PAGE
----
In addition, HF may be associated with zinc deficiency through other mechanisms: reduced dietary intake (due to anorexia, nausea, and premature satiety with eating), reduced absorption due to gastrointestinal edema and impaired motility, increased intestinal zinc losses (protein-losing enteropathy), and excessive urinary excretion due to the use of diuretics . Moreover, zinc deficiency frequently accompanies many health conditions, such as diabetes mellitus (DM), aging, and hypertension [2, 38]. The majority of HF patients are older, and many of them have various comorbidities, such as DM and hypertension, which may further impair zinc homeostasis. Cellular senescence was discovered as strong driver of atherosclerosis and heart failure [39, 40]. Recent observation performed on long-term culture of primary endothelial cells suggests that zinc deficiency may lead to accumulation of senescent cells and to vascular pathology as well as to heart failure . Also, in HF patients, treatment with angiotensin-converting enzyme (ACE) inhibitors and angiotensin receptor blockers (ARBs) results in increased urinary zinc excretion and zinc deficiency .
To the best of our knowledge, this is the first meta-analysis to evaluate the association between zinc levels and HF. The sensitivity analysis showed that excluding any study from the pooled analysis did not vary the results substantially. Publication bias was also absent, as determined by funnel plot visualization and Begg’s test. However, the possible limitations of our study should be considered. First, some too-old studies were included in the meta-analysis, which might weaken the quality of the results. Second, heterogeneity could not be eliminated because of methodological diversity between studies; thus, the conclusion should be conservative. In addition, because of limited data, we did not analyze the zinc levels in other tissues; this might affect the comprehensive interpretation of the zinc levels in HF patients. Therefore, better designed studies are required to verify the results and further assess the role of zinc in the progress of HF.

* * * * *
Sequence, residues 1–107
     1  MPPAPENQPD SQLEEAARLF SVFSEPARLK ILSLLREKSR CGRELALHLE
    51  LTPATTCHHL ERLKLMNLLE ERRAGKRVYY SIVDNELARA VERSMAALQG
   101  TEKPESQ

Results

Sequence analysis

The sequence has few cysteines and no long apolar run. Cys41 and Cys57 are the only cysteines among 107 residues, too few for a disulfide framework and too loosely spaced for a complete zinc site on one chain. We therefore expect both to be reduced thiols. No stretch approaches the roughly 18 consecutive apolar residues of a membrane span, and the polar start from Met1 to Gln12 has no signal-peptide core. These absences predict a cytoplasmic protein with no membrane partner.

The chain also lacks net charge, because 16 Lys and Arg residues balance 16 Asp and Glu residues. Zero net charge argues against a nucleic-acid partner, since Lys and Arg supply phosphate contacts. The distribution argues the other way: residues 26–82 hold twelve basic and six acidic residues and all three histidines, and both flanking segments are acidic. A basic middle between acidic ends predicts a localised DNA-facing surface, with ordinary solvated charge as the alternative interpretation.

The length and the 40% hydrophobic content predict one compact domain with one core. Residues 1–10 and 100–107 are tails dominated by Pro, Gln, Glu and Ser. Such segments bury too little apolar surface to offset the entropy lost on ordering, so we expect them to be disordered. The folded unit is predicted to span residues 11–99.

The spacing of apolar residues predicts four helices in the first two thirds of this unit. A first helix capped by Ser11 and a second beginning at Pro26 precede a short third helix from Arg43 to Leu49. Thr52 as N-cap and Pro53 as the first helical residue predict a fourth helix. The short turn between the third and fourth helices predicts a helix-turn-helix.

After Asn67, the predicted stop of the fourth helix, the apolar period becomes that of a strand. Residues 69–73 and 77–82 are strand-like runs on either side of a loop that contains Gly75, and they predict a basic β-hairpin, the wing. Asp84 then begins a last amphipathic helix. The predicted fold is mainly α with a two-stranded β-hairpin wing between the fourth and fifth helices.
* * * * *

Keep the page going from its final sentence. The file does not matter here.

In conclusion, the results of the meta-analysis indicate that there is a significant association between low serum zinc levels and HF. Meanwhile better designed studies are required to verify the results and further assess the role of zinc in the progress of HF.
Conflicts of Interest
The authors declare that they have no conflicts of interest.